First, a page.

Sunday, July 6, 2008

Keeping Obama on the path

Obama's slight move to the right has bothered me some these days. My question is "does he really need to be more centrist to win the election?" I've heard it said on ABC's "This Week" that Obama needs to prove he is not a leftist revolutionary after the comments by Rev. Wright were publicized - that the American people need to see he is like them.

Actually, considering how the country is - I'm not sure I would want a president that is like most of our populace. This year we have shown the ugly side of our American selves - we have given ourselves permission to publicly speak hate again. Not that we ever really stopped, but at least for a few decades we said hateful things in low tones - among close friends. Now it is ok to blast it all over the airwaves and the internet. All you have to do is read the "comment" section of any articles that speak of immigrants.

Recently, there was a Houston Chronicle article about a young boy who died in an accident. In their commentaries, people had the audacity to say terrible things about the boys father - basing their judgments on the family being immigrants.

I have faith that Obama doesn't go so far right that his campaign starts insulting people -(remember Willie Horton?) - I don't think he and Imus will be come good friends - but there is much temptation to give in to ethics to win elections.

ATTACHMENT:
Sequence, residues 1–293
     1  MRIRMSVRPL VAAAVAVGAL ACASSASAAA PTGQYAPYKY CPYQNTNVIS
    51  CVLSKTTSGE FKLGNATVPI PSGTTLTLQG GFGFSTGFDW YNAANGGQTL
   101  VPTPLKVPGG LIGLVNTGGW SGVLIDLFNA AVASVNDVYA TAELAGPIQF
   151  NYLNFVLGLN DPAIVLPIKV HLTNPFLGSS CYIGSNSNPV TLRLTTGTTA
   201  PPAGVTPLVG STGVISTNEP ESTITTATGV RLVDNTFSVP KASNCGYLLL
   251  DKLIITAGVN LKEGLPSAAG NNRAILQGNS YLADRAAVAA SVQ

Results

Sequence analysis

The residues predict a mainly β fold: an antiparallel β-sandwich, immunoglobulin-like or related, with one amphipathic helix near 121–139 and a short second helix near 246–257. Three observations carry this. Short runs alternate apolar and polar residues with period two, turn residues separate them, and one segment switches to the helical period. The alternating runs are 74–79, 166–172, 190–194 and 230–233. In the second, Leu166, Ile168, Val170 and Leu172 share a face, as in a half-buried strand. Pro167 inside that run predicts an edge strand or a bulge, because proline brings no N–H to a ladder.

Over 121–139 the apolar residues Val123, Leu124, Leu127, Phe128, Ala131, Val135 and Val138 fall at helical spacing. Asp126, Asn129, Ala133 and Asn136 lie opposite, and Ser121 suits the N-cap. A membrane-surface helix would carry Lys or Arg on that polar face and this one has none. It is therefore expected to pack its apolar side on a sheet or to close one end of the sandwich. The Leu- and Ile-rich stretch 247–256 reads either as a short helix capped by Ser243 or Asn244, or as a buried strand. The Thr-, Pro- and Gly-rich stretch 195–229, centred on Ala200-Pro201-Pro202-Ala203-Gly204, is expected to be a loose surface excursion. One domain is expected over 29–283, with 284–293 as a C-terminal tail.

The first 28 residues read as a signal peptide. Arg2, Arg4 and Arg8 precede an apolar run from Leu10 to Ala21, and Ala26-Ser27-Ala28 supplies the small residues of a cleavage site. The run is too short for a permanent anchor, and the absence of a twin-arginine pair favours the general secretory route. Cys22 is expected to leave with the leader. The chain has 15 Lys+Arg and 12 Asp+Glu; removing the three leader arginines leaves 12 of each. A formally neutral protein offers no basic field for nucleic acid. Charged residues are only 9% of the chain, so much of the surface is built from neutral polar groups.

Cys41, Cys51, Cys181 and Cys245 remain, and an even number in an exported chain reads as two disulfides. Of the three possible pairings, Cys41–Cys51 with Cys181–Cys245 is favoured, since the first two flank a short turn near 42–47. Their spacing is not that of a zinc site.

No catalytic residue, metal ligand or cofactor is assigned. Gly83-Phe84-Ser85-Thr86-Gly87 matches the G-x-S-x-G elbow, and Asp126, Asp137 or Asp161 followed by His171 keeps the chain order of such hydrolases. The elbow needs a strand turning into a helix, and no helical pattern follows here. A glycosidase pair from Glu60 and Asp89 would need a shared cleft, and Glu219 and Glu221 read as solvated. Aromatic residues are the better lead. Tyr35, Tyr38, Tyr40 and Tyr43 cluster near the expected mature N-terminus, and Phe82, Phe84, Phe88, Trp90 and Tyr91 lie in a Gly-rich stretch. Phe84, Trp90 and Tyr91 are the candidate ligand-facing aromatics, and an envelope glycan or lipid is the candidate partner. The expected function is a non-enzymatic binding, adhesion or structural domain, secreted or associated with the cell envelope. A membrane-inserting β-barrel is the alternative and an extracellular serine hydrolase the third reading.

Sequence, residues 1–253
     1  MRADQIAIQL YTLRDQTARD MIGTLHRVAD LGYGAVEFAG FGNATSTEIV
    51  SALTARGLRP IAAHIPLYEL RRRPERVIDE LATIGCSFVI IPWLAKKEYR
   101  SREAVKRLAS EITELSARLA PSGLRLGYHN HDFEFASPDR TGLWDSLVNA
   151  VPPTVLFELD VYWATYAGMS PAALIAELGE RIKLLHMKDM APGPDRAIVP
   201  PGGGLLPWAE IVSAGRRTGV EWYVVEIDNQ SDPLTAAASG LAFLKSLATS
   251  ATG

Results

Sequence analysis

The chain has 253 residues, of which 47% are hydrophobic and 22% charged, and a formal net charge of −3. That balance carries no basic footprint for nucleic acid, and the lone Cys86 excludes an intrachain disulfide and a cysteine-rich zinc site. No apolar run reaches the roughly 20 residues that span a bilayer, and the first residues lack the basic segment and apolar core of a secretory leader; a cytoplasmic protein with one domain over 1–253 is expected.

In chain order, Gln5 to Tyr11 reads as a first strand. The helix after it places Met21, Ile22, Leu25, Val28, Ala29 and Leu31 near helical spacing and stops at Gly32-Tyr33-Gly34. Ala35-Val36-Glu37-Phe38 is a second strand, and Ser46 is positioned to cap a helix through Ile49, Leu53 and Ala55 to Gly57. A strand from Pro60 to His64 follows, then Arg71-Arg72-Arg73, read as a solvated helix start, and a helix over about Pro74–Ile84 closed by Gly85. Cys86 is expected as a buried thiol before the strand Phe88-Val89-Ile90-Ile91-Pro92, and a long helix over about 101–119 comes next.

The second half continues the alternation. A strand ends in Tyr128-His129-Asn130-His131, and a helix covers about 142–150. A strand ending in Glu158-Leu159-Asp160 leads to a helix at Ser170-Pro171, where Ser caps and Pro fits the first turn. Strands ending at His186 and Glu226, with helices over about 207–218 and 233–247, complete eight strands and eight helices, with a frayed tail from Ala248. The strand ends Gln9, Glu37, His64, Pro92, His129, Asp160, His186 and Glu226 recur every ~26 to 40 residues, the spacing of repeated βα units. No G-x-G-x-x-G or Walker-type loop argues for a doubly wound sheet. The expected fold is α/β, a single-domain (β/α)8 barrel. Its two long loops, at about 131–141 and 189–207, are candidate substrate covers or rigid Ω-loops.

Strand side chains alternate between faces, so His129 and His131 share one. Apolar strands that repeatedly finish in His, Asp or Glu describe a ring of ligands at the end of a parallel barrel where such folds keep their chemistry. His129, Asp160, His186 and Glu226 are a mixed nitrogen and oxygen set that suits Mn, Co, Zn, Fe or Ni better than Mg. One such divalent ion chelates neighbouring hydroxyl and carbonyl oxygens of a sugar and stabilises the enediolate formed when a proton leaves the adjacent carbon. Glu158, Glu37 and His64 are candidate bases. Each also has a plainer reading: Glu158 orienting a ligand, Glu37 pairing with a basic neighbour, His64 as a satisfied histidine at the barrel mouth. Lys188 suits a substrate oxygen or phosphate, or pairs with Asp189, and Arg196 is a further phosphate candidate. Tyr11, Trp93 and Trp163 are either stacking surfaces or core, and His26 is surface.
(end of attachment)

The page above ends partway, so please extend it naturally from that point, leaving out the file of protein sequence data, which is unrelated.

Apparently his African supporters have confidence that he will not abandon his principles - I hope Obama does not let them down.
Washington Post Staff Writer
Sunday, July 6, 2008; Page A08

A catered fundraiser for Sen. Barack Obama was held recently at Duke's City, an upscale restaurant and bar nestled amid the hip new condominiums in the District's U Street corridor, where up-and-coming white professionals are slowly taking over an area that was once mostly black.

But the owner of Duke's City, Donato Sinaci, is not one of Obama's many young, white supporters. And the host of the event, Michael Endale, is not a native-born black American. They are members of Ethiopians for Obama, one of several campaign groups made up of African immigrants who are rallying around the first black American to win a major party's presidential primary, and the son of a Kenyan immigrant.

From coast to coast, Somali, Ethiopian, Nigerian and Kenyan Americans are knocking on the doors of their fellow African immigrants, registering new citizens to vote, raising money and preaching Obama's mantra of hope and change. They hope that his prominence will change their status as one of the nation's least-recognized immigrant groups, and that he will one day provide aid to help ease the turmoil and poverty in countries such as Ethiopia, Somalia and Sudan...

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